vary throughout EU countries and reflect the particular profile of individual
nations, for example the strength of the trade union movement, political
parties, gender relations, religion, culture and tradition. Thus, causal
relationships and the outcome of processes are specific to cultural and politi-
cal forms and, as such, the particularities of individual nations take on real
significance. Each brings with it a historical and cultural context within
which specific patterns of institutional and organizational arrangements are
embedded. A fundamental challenge for those undertaking cross-national
research is to grasp the relationship and dynamic between domestic political
factors and supranational institutions in the formulation of social policy.
The chapter considers briefly a range of approaches for understanding the
dynamics of global decision-making and draws on the social dimension of
01 Intro (jr/d) 1/6/01 1:05 pm Page 3

Introduction 3

the EU to explore the character of global governance as well as the extent to


which we can talk of supranational social policy instruments and provision
(Deacon et al. 1997).

Clarifying concepts in cross-national social policy analysis

The current context of cross-national research is one that requires an inte-


grated social policy framework (Gough 2000). This integrated frame-
work needs to look beyond the boundaries of the state not only in terms of
transnational activities, but also in terms of the mixed economy of welfare
within different societies. As Rose (1991) argues, analysis between states
requires

an understanding of what happens within states, for national govern-


ments respond to national electorates as well as to international pres-
sures. More than that, national governments impose constraints upon
what can and cannot be done internationally. Before we can understand
interaction between nations we must understand what goes on within
them, and relate that knowledge across national boundaries through
the use of generic political concepts.
(Rose 1991: 462)

Chapter 2 is primarily concerned with the process of cross-national social


policy analysis. It outlines the distinctive features of this type of research as
well as the various definitions and interpretations of this approach. While
Crow (1997) has emphasized the importance of micro-comparisons between
groups and localities within societies, these studies fall outside the scope of
this volume in which the terms comparative and cross-national are used
interchangeably and refer to the explicit, systematic and contextual analysis
of one or more phenomena in more than one country.
Issues of definition are central to understanding and exploring social
phenomenon and in the construction of an integrated social policy frame-
work. Thus, a particular concern of comparative, cross-national analysis
(explored in Chapter 2) is the construction and implementation of robust
and appropriate concepts. The difficulties of using concepts such as nation,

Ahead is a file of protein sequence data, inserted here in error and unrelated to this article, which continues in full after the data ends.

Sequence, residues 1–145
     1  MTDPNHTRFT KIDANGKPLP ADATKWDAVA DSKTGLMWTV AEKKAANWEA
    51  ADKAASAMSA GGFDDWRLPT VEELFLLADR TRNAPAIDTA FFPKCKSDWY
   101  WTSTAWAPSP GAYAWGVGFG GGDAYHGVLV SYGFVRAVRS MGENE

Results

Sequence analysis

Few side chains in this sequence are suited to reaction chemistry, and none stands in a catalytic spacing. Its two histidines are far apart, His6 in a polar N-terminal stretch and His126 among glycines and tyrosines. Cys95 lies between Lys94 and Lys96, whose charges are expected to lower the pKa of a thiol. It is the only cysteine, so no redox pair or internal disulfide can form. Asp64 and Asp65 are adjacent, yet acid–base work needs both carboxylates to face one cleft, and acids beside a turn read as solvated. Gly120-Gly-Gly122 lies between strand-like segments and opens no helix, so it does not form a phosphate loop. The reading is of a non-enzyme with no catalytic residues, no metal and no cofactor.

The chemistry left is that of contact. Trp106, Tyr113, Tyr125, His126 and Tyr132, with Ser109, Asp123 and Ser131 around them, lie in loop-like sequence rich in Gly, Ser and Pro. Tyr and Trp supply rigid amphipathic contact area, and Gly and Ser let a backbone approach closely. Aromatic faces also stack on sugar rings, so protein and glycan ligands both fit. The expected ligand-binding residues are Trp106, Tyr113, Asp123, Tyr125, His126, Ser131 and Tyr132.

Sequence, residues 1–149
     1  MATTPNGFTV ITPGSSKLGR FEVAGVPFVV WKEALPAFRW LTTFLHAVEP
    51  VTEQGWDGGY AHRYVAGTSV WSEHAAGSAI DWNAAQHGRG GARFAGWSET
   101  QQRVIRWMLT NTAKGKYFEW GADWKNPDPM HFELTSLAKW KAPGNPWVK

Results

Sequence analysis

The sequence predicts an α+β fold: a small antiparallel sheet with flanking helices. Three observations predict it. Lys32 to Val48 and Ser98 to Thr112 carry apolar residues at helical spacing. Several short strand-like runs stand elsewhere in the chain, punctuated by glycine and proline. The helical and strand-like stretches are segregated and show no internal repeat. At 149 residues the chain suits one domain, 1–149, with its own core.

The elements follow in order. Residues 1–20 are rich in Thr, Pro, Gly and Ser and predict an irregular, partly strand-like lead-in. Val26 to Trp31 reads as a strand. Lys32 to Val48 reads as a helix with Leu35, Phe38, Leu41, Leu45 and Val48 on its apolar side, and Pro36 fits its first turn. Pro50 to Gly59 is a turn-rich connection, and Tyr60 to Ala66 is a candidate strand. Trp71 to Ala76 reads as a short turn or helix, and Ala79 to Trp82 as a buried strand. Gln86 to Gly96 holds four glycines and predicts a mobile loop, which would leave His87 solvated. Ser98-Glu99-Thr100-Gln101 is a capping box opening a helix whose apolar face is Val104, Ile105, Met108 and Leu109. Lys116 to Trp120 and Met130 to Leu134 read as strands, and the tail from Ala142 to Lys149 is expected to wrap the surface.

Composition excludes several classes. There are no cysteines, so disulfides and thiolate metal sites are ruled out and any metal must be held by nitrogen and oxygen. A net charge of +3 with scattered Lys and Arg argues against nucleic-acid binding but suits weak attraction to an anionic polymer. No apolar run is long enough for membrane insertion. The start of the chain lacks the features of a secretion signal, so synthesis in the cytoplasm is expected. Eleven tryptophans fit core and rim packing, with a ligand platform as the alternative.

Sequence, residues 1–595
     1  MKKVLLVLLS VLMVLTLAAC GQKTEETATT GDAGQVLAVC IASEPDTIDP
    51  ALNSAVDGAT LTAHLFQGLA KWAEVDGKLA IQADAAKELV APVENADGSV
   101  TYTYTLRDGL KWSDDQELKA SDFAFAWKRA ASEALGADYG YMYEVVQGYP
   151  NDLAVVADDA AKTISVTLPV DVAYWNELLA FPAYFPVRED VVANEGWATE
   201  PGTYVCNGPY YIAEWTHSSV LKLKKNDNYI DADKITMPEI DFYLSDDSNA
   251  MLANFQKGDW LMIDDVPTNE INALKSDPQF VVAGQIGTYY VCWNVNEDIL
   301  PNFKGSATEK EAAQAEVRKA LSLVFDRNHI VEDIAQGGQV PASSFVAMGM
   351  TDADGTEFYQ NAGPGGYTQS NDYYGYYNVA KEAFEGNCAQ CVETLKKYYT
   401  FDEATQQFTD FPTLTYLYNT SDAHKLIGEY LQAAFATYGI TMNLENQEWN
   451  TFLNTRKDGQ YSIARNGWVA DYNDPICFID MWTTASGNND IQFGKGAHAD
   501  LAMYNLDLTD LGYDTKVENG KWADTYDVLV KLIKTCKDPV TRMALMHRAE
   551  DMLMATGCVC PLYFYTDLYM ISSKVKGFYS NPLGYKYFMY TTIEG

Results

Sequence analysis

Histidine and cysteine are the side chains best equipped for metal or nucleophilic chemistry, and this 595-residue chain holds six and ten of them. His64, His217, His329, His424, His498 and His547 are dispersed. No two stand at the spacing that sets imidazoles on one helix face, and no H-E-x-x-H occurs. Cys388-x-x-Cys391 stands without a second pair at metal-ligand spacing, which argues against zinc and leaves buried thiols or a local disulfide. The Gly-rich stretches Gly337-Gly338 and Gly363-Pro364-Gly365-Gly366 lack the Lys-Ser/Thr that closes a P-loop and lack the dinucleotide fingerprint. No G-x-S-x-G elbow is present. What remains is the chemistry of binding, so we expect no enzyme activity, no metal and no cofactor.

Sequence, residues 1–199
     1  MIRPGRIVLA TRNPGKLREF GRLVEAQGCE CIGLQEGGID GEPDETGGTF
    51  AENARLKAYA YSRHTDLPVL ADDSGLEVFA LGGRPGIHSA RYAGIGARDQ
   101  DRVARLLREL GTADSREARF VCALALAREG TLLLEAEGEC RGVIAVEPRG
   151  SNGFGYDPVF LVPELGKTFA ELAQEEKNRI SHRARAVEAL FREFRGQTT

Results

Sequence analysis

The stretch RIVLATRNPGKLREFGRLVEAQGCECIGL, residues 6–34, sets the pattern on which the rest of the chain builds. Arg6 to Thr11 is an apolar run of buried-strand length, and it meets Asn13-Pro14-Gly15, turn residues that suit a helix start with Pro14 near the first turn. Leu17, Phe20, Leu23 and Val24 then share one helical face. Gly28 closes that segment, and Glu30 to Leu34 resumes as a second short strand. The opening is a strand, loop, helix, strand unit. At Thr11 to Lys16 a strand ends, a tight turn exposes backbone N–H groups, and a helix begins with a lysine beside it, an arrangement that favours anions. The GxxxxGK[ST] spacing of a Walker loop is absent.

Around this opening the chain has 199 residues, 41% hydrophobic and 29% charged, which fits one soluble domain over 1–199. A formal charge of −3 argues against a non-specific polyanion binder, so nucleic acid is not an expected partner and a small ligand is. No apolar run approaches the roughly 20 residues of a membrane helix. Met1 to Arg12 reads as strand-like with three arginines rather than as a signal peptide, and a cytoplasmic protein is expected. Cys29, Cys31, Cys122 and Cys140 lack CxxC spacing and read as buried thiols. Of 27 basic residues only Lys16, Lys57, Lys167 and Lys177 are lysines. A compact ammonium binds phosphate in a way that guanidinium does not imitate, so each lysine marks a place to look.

country and society in cross-national research are highlighted by Crow
(1997), who argues that

the boundaries of nation states have become increasingly attenuated . . .


It can no longer be assumed that people sharing a particular
geographical space will also have the common social ties and culture by
which society has conventionally been defined.
(Crow 1997: 10)
01 Intro (jr/d) 1/6/01 1:05 pm Page 4

4 Comparative social policy

However, the concept of society should be utilized not in the sense of an iso-
lated, impermeable bounded unit, but as constituted by multiple, over-
lapping networks of interaction (Mann 1993: 738, cited in Crow 1997: 16).
This principle can also be applied to the study of social policy and the wel-
fare state. While recognizing that there is no agreed definition of the term
social policy, Baldock et al. (1999: xxi) define it as a deliberate inter-
vention by the state to redistribute resources amongst its citizens so as to
achieve a welfare objective. The welfare state is a term which has been
widely used to denote the extensive involvement of government in a range
of activities to provide social services and promote social well-being through
a set of social and economic policies. Schottland (1967) suggests that it is
also useful to identify the welfare state as a legal state whereby statutory
rights entitle citizens to a range of services. This approach, according to
Rodgers (2000), sees the welfare state as

performing an administrative function within the general apparatus of


the state charged fundamentally with ensuring the defence of the statu-
tory rights whilst also delineating the limits of legal obligations on indi-
viduals and social agents to meet welfare responsibilities within society.
(Rodgers 2000: 8)

Alber et al. (1987) have expressed concern at the limitations of the tra-
ditional social policy perspective in cross-national research which has
tended to concentrate only on state programmes and has utilized measures
such as social spending levels or programme coverage to capture welfare
output. According to the authors, this has often resulted in reducing the
welfare state to one or two highly aggregated indices. They argue that

boundaries between state and non-state functions are problematic in


ways that confound comparative research. Further, the interplay of
public and private institutions around issues of social protection has